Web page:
UK carbon emissions fall for record sixth year
CO2 emissions have fallen for a sixth consecutive year - the longest continuous decline since records began - according to new data provided by the Government.
The 1.5% reduction in emissions last year followed big cuts in 2014 (8.7%) and 2016 (5.9%), illustrating a slowdown in performance of carbon reductions across the energy sector, and the scale of the remaining challenge.
Additionally, it comes from a reduction in a single energy source – coal – which is down 16% compared to a year earlier, and accounts for 97% of the entire decline in carbon emissions while oil and gas use remained largely unchanged. In fact, due to the opening up of new fields, oil has slightly risen in terms of carbon emissions in the past six years, producing just over 150MtCO2 in 2018 compared to 144MtCO2 in 2013.
The figure means the UK has now reduced its overall carbon footprint by 38% since 1990 – a 1% improvement on the 2016 level of 37% – with the UK’s total carbon footprint of 367MtCO2 in 2017 compared to 600MtCO2 in 1990.
Research by Carbon Brief also showed the shift away from coal power was the key driver for decarbonisation. It revealed CO2 levels were at their lowest levels since 1888 – and only during miner strikes in 1893, 1921 and 1926, were levels comparable to those released today.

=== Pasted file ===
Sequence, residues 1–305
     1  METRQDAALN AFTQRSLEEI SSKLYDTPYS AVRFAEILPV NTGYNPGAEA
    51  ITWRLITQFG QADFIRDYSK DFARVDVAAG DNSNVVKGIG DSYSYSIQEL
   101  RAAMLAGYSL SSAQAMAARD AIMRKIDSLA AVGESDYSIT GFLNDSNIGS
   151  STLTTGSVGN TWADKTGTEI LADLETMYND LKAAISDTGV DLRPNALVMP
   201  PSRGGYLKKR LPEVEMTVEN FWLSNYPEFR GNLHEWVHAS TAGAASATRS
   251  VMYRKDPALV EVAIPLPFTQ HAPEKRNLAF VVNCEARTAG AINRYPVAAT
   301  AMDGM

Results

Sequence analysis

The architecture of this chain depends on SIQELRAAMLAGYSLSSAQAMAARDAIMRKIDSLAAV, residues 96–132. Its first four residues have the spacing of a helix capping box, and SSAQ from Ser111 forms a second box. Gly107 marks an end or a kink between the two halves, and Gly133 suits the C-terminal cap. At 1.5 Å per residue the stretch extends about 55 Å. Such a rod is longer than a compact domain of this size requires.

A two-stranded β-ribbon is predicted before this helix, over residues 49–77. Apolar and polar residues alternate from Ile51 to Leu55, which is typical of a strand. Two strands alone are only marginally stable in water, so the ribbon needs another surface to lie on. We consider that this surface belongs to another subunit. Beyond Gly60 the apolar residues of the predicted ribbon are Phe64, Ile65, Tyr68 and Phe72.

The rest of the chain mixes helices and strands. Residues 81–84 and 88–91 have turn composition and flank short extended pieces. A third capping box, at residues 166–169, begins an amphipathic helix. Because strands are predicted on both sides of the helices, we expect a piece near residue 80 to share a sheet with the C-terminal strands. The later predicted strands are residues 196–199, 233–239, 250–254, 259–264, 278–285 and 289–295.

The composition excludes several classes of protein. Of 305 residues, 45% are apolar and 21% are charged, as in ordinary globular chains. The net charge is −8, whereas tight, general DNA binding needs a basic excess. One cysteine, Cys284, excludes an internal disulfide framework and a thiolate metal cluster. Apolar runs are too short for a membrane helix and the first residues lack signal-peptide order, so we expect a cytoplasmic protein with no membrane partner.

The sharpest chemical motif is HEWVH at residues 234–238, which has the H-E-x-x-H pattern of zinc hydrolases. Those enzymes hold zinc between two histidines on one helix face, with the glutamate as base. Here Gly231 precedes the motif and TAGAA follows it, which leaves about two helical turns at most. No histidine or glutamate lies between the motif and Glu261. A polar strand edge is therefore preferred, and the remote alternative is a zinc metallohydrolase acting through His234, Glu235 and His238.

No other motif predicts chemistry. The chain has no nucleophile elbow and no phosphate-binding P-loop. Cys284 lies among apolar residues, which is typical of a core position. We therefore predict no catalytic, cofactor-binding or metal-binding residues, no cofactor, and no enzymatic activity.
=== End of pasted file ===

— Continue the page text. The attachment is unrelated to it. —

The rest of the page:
Carbon Brief also predicted that the UK Government’s plans to remove additional coal from the electricity mix by 2025 is likely to spur further reductions in this area, but has warned that “additional and rapid” progress will be needed in the transport and farming sectors, if the UK is to meet the aims of its Fifth Carbon Budget.
These forecasts come at a time when transport is the most carbon-intensive sector in the UK. It overtook the power industry as the most emitting sector in 2016, and saw its emissions rise by 2% last year, with the main source of emissions deriving from the use of petrol and diesel.
The second largest contributor to reduction has come from reducing the amount of energy we use across both commercial and domestic sectors, such as more energy-efficient household items, such as bulbs and white goods, and businesses shifting their energy use as well as occupying more energy efficient buildings.
This shift was responsible for almost one-third (31%) of the UK’s progress, Carbon Brief claims, with savings from industry being greater than those from homes.
But the news of the reduction comes as Carbon Brief claims that sizeable shifts towards renewable power generation and energy-efficiency could have doubled the results shown today. In this scenario, the proportion of emissions related to electricity generation would also have been four times that of present levels.
The reduction in coal usage comes as the UK Government has committed to replacing old coal plants with new large gas-fired power stations. Almost half of the gas industry’s new power stations across Europe are earmarked for the UK.
But campaign groups such as the World Wide Fund for Nature have argued that the energy gap can instead be filled by renewables, battery storage and flexible technologies, allowing the UK to go from “coal to clean” and skip new gas completely.
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